First, I’m Roman Catholic and back in 1964 I corrected my doctor of philosophy of education instructor that Catholicism not Protestantism required that “Faith” in God be justified by “Good Works”;
Whereas he had tried to credit Protestantism with the good works justification.
Martin Luther started the Protestant Reformation back in 1517 supported by some German Princes like Frederick III and Phillip by whom paying “indulgences” to the Roman Catholic Church was no longer fashionable to them.
Luther’s motives were everything from his not believing sainthood was possible to falling in love with a sister of the Church and marrying her.
His biggest argument against the Catholic Church was that he believed and:
He began to teach that salvation or redemption is a gift of God’s grace, attainable only through faith in Jesus as the Messiah.
In any event Protestantism took root in various parts of Europe for various reasons from not wanting to support the Church by buying indulgences to not wanting to fight the Ottomans by some of the Black sea countries, but especially because of the treachery of France supporting the German princes in the Thirty Years War against Rome.
Finally we have good old King Henry the VIII with more wives than a king of beasts …
no wonder they called themselves lion kings …
Oops that was Richard a good Catholic I think. :rolleyes:
I used to have a vague belief that it was the middle ages, when superstition and corruption were rife, and I offered the crusades as proof. And believe that Christianity never fell, there were always pockets of true Christianity, it was just the hierarchy that was completely corrupted.
Obviously I didn’t know what I was talking about.:o
I’ll play since I used to be one. All the years I was a protester I never thought about it in these terms you have laid out. I veiwed Catholics as superstitious nut jobs. Their kids swore like sailors. They were stuck up because they would not let non-Catholics take communion. They were strict parents (my mother let us do whatever we wanted). They had big families. They were "religious (they HAD to go to mass). They were not allowed to have fun. They had to wear uniforms. Nuns were mean.
Hey, Catholics were a messed up bunch. What were we protesting? No idea ( most of them have no idea). Oh, almost forgot, them Catholics don’t read their bibles.
The traditional view of Protestants is not just that the hierarchy became corrupt, but that many of the teachings of the Catholic Church were downright false. This is what I’d like to know. Which teachings? And when did those false teachings first begin? That is to say, in what century and for what reasons did the Catholic Church, according to Protestants, cease to be the Church of Christ? If Protestants cannot present evidence for this claim, why are they Protestants rather than Catholics?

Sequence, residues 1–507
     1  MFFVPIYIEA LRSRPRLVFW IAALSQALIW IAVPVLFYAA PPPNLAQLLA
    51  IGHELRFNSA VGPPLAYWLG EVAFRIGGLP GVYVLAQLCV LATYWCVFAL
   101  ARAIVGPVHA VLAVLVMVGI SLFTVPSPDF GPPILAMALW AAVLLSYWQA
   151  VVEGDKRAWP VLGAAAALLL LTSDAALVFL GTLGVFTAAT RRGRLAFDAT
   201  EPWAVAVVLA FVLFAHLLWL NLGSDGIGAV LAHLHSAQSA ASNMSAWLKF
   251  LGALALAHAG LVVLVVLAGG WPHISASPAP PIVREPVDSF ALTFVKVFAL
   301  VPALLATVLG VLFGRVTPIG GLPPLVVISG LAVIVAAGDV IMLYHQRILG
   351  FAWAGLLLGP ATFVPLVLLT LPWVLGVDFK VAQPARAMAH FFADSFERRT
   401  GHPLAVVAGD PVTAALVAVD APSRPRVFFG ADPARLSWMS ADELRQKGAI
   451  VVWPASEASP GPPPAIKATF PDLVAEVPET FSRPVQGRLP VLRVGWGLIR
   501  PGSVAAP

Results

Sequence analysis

Oh golly, well I suppose if we’re talking specific teachings, its going to be ‘working for your salvation’ and the usual stuff about Mary. I can’t speak to the ‘traditional view’ of protestants, only what I believed and was taught. The hierarchy is part of the teachings as far as I’m concerned (still believe that now, even though I’m no longer anti-Catholic).
You are making some broad assumptions that all so called Protestants believe all three of your points here. The first one is a rather poor assumption and implies that “protestants” don’t consider Catholics as fellow Christians. There is only a small group, mostly found in fundamentalist circles that think that but most Protestants which is a very wide river see Catholics as fellow Christians. The second one again, is based on bad assumptions and different Protestant groups believe different things either ranging from 312 AD when Christianity became legal by Constantine to a more gradual corruptions and some don’t at all. Your third point is a rather broad accusation again. If Catholics want to reach out to other Christians no matter what they call themselves, we need to stop the accusatory generalizations that keep cropping up on CAF. They demonstrate ignorance and prejudice against other Christians, Protestants and Orthodox and asking defensive questions doesn’t win anyone, they just draw battle lines with people. Do you think someone is going to become a Catholic reading these questions? I don’t think so.